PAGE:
Migrating to Australia – Practical stuff

Practical stuff that might help others:

Very useful: Booklet on beginning life in Australia, provided by the immigration office:
https://www.dss.gov.au/sites/default/files/documents/02_2014/eng_access.pdf

Find school:
http://www.australianschoolsdirectory.com.au/

Check the quality of schools:
http://www.myschool.edu.au/

Most schools offer OSH (Outside School Hours) care. check the school website for more information.

Find child care:
https://www.childcarefinder.gov.au/

Find housing (rent or buy):
http://www.realestate.com.au
http://www.domain.com.au

We first stayed in a serviced apartment for 2 weeks, during which time I searched for a rental (in the area we were interested in buying a house). Signed up the rental for a year, and searched for a house to buy. After 9 months we found one. Still had to pay until the end of the 1-year lease, unless they find a new occupant. Make sure you do not pay too much for your rental, otherwise the incentive for the owner to find a new occupant is rather low. He will just make you pay for the remainder of the lease term.

Find a job (this is aimed towards IT, other more general job sites are available):
http://www.seek.com.au/

https://www.ici.net.au/blog/the-best-20-australian-job-and-career-sites/

If you do not yet have a visa, look for employers willing to sponsor your visa application.

More on visas here:
https://immi.homeaffairs.gov.au/visas/getting-a-visa/visa-finder

If you do not have an employer willing to sponsor, there is a significant additional hassle in translating all your certificates/diploma’s into English (by a certified translator), and then evaluated by a skills authority which needs to assess what is the Australian equivalent of your diploma’s, etc..

An employer sponsoring your visa, means they register as a sponsor on your application: You apply, they back it up as an employer vouching you will work for them once here. (Sponsoring does not mean they pay for the visa application. That is, in theory, a separate matter. It means you will not become a burden to the state but will have a job.)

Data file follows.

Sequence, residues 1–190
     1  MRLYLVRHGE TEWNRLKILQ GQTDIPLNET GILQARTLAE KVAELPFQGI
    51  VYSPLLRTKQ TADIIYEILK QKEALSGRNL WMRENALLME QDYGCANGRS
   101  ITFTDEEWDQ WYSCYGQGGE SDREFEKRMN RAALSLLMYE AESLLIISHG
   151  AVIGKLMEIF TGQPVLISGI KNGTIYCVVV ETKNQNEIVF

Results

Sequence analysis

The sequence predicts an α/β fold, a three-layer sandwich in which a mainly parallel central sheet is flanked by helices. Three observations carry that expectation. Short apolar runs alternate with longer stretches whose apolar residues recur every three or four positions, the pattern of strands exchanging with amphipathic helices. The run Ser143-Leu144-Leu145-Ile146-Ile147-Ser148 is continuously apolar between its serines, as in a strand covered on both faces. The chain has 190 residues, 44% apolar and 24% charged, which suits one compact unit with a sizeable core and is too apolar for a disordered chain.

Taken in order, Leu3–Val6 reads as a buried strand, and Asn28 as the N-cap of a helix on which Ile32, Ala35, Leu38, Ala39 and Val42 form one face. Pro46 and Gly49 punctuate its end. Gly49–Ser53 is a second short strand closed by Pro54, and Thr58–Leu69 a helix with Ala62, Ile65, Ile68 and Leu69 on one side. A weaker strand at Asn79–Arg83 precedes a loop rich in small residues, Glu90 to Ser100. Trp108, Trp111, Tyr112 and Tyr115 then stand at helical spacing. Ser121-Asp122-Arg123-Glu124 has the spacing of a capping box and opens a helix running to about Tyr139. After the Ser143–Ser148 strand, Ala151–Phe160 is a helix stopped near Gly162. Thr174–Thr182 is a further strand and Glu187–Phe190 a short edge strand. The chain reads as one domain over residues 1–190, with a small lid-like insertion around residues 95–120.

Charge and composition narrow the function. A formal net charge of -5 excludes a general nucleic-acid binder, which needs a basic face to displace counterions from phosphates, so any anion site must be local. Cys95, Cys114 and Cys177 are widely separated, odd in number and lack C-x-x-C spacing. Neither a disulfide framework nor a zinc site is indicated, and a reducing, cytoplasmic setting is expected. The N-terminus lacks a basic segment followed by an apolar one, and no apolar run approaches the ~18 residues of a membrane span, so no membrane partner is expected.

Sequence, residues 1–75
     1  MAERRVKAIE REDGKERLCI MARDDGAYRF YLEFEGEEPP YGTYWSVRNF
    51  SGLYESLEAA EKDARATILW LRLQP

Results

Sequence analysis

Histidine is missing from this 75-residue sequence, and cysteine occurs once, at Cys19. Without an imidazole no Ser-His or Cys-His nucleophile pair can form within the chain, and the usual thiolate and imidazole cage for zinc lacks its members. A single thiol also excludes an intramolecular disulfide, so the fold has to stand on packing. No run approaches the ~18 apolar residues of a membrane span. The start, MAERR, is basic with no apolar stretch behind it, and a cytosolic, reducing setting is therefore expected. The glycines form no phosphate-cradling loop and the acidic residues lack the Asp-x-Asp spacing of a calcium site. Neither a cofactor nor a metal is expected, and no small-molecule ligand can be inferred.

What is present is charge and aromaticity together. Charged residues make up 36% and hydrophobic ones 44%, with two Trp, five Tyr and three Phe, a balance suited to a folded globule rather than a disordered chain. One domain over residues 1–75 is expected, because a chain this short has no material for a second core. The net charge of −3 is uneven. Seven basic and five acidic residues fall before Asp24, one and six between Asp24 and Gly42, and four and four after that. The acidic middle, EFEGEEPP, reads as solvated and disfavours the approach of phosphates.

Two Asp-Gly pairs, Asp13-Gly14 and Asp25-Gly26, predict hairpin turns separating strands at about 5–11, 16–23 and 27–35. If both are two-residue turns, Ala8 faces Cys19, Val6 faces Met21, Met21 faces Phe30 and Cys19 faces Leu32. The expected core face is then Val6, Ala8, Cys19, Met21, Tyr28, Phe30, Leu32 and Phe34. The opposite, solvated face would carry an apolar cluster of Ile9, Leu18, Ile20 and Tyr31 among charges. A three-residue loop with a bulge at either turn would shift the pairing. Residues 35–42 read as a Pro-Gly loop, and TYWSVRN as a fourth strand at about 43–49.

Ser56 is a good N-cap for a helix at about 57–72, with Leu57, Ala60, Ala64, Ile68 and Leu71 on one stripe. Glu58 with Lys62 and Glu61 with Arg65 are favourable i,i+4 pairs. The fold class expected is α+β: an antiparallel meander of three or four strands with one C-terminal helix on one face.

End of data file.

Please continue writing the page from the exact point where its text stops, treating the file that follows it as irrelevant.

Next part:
Skilled occupation list: the list of skills Australia is looking for and have a higher chance of visa approval:
https://archive.homeaffairs.gov.au/trav/work/work/skills-assessment-and-assessing-authorities/skilled-occupations-lists
Exchange rates:
https://www.xe.com/currencyconverter/convert/?Amount=1&From=EUR&To=AUD

If you think about your expenses as a pie-chart, that pie-chart will be different than it is in the Netherlands. Keep in mind:
housing is expensive
groceries are expensive.

More money will go towards that, than in NL.

Housing is already expensive in its own right in the major cities largely as a result of foreign investments in real estate.

Check grocery prices:
https://www.woolworths.com.au/
https://colesonline.com.au/

Newspapers – examples:
Left wing: http://www.theage.com.au/
Right-wing: http://www.theaustralian.com.au

Booklet on Australia to prepare for the Citizenship Test:
https://immi.homeaffairs.gov.au/citizenship/test-and-interview/overview
https://immi.homeaffairs.gov.au/citizenship-subsite/files/our-common-bond.pdf

Get a Tax file Number online (you need an Australian address):
https://www.taxfilenumberaustralia.org/en/form#!

Children need a tax file number for registration at the ATO for the tax benefit. I think this only applies when you are a permanent resident.

Open a bank account.
In theory, you can only open a bank account when you have a Tax File Number. In practice, however, banks will open a bank account without one and you can notify them later.
In Australia there are just a few major banks:
http://www.anz.com.au
http://www.cba.com.au
http://www.nab.com.au
http://www.westpac.com.au
The banks are also the main mortgage lenders. Interest is pretty high. Mortgage interest is NOT a tax-deductible; you pay all of it after taxes.

In NL get an international drivers license at ANWB. Is valid in Australia for several months. During that time, get an Australian one. No driving test required.

Use Broadband Mobile Internet for connecting to the internet after arrival. You can get this at the local mobile phone stores. Get your connection up and running asap. The internet is invaluable as a source of info after you first arrive. When you have a rental, set up cable/ADSL, or something.

TV channels:
2 kinds of hookups:
1. Free to air. This you can pick up using a simple roof antenna – free. The signal is digital and good. Only about 4 channels: channel 7, 9, 10 and ABC.
2. Pay tv, like Foxtel. Many channels available, put your own package together, you pay on a monthly basis. Check for packages here: http://www.foxtel.com.au

As a permanent resident, you are entitled to Medicare, which is a basic health care coverage.
On top of that, you need private health care (or pay a fine in the form of an additional income tax). Health care packages can be easily compared here: http://www.iselect.com.au/

Upon enrolling your kids into primary school, you will need their immunisation information. MAke sure you get their immunisation information (in some form of an English translation, explanation).

To evaluate your level of English proficiency, you may be required to take an IELTS test. More info here:
https://www.ielts.org/what-is-ielts/ielts-for-migration/australia
https://www.ielts.org/book-a-test/how-do-i-register

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